Wolski would like to jump right into the NHL this season but has said he will do whatever the organization asks of him. If he returns to the CHL, he is a candidate to make Team Canada for the 2005 World Junior Championships. Halfway through the summer training camp, he started playing on a line with 2005 Draft prospect Sidney Crosby and Ducks prospect Corey Perry, performing well according to reports. However, all may be for not if Wolski has a strong training camp with the Avs and is able to crack the starting lineup and stick with the team. He has the raw offensive ability to be a first line scorer if everything works out, but a more conservative projection places him as a reliable second line winger.
3. Johnny Boychuk, D – 20, Moose Jaw Warriors (WHL)
Acquired: Drafted 61st overall, 2002
Previous Rank: 2 (Down 1)
The drop of one ranking of Johnny Boychuk has very little do to with his play over the 2003-04 season and everything to do with the Avalanche’s first round selection of highly touted Wolski at the 2004 Entry Draft. Boychuk saw his point total drop from 48 in 2002-03 to just 33 this season, although he did play in five fewer games due to injury. Although his point production decreased, Boychuk helped the Moose Jaw Warriors have their franchise best season with 41 wins.
At 6’2”, 215 lbs, Boychuk has the size to be an NHL defenseman. He plays a hard-nosed physical game and is well known for his devastating open-ice hits. He enjoys mixing it up with opposing players on the boards and after the whistle, and has shown that he is not afraid to drop the mitts. For a defensive defenseman, he does possess decent offensive capabilities. His slapshot is in the mid-90’s and he makes a smart first pass on the breakout. He plays with confidence in himself, but needs to be consistent and play with the same physical edge every night.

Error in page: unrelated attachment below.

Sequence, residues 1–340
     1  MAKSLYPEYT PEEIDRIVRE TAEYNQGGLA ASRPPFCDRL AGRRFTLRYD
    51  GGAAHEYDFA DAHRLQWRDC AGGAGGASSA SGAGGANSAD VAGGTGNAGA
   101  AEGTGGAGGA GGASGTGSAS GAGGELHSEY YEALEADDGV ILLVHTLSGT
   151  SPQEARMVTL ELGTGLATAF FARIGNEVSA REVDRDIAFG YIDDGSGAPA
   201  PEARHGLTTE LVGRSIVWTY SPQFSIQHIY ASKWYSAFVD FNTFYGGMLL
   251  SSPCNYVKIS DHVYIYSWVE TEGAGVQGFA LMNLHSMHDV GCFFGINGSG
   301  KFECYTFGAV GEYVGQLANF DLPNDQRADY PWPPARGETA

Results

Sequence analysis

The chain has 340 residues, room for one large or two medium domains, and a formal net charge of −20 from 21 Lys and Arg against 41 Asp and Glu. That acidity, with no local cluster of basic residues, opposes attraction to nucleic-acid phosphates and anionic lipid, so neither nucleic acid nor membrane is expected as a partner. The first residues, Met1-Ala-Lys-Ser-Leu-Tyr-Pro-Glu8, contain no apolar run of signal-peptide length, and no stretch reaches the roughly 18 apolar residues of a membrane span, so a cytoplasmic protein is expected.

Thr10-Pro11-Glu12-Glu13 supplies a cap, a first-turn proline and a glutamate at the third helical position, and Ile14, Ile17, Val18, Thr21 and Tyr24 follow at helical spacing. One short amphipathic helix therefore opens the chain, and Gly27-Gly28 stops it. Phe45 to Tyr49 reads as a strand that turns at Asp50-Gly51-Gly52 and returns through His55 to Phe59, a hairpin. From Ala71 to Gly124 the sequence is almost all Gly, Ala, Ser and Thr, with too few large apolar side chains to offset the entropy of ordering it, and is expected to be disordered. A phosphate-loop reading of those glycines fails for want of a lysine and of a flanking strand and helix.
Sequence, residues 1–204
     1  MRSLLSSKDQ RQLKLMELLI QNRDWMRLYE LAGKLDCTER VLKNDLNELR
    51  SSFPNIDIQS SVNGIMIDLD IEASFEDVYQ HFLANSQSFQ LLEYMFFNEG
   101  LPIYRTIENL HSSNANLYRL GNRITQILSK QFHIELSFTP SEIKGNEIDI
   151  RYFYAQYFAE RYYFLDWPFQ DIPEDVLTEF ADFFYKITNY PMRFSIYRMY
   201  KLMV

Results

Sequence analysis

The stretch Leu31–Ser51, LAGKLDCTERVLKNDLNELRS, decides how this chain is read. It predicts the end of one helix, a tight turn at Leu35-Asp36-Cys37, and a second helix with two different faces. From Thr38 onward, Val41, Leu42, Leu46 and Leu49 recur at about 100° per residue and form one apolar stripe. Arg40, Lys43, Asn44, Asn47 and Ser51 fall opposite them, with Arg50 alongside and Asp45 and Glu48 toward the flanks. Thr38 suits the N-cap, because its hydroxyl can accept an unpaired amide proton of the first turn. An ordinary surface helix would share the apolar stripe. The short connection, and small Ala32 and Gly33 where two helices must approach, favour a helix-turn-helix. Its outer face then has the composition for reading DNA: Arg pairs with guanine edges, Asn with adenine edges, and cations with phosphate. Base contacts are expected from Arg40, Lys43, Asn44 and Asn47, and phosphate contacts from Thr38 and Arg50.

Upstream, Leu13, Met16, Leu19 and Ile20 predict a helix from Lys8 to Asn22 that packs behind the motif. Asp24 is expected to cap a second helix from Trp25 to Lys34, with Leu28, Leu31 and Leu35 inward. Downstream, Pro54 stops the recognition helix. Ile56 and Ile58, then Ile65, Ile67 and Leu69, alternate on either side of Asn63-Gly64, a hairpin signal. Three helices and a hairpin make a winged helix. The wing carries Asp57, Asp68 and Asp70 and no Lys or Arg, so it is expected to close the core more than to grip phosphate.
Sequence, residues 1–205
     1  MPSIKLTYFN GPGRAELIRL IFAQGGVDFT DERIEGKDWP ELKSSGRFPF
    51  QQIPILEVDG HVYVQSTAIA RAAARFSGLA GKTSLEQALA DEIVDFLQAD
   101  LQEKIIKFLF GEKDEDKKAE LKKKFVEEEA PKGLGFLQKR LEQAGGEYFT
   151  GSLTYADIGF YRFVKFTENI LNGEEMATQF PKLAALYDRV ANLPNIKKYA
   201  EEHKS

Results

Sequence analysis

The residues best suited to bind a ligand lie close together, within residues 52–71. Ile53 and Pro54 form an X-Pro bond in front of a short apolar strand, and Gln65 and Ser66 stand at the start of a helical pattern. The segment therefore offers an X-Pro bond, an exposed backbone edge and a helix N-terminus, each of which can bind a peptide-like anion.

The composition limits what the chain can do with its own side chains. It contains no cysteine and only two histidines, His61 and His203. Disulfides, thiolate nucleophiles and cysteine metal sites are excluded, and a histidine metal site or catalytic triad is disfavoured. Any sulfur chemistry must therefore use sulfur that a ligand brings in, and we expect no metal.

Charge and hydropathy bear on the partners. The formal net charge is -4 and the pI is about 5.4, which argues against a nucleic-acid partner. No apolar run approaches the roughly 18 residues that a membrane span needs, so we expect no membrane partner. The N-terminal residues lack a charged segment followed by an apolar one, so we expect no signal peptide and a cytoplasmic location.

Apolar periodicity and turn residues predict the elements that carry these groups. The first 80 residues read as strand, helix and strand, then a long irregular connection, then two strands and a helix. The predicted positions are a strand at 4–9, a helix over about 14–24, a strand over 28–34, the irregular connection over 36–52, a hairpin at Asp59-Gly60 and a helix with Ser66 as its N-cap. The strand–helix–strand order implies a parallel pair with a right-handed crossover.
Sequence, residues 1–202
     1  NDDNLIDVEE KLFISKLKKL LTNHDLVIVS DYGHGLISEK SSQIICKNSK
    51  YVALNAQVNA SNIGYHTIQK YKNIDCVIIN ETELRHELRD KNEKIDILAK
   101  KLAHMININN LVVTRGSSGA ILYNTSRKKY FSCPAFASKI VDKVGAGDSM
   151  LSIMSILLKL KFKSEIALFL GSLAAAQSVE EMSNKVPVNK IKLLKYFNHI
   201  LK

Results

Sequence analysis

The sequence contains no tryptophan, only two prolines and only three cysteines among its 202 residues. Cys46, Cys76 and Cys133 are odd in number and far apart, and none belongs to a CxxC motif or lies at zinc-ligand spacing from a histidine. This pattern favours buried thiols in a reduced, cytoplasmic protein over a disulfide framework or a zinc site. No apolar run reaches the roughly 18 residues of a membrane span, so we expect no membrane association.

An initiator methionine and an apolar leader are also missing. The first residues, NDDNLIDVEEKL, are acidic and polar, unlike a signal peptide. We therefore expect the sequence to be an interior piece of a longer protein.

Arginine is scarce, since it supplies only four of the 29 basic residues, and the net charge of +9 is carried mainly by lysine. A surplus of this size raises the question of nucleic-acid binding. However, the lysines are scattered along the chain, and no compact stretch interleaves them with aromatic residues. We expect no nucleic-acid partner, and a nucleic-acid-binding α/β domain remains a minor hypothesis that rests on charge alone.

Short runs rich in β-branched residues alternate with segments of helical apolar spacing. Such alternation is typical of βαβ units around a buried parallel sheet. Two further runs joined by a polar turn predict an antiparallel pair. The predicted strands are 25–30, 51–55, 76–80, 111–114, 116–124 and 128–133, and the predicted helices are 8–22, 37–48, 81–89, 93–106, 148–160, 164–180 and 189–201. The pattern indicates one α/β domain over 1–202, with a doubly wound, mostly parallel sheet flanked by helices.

Boychuk signed a three-year contract with the Avs late in 2003. After spending the past season in the CHL, he will now move to play with the Hershey Bears in the AHL. He will have a chance to play top-four minutes with the Bears if he adjusts quickly to the professional game. Avalanche fans can probably begin to look for him in the NHL around 2006-07, though he could see spot duty before then if he impresses. With the Avs having a very strong defense, he won’t be rushed along. Boychuk projects to be a solid fourth defenseman with the Avs.
4. Cody McCormick, RW – 21, Colorado Avalanche (NHL)
Acquired: Drafted 144th overall, 2001
Previous Rank: 5 (Up 1)
Cody McCormick remains a prospect according to Hockey Future’s forthcoming revision of its Prospect Criteria. McCormick split his time between Hershey of the AHL and the Avs, spending 32 and 44 games in the two leagues respectively. With five points McCormick certainly didn’t assert himself as a dominant offensive force in the NHL, but he played a solid all around game which earned him just over eight minutes of ice time per game.
During his time in the NHL, McCormick played primarily on the fourth line, worked hard, and forechecked well enough to keep himself with the big club for half the season. He is a high energy player who hits well and at 6’2”, 205 lbs McCormick is tough customer. He got into seven fights during the season, including two in one period against the Calgary Flames.
McCormick is going to be an effective role player in the NHL, being able to fight, but brings something to the ice other than pure goon tactics. McCormick will try to solidify his NHL spot this season. He has a future as probably a third liner, especially if he can get a little faster to become a more fearsome fore-checker to match his hitting ability.
5. Linus Videll, LW – 19, Sodertalje (Sweden Jr)
Acquired: Drafted 204th overall, 2003
Previous Rank: 4 (Down 1)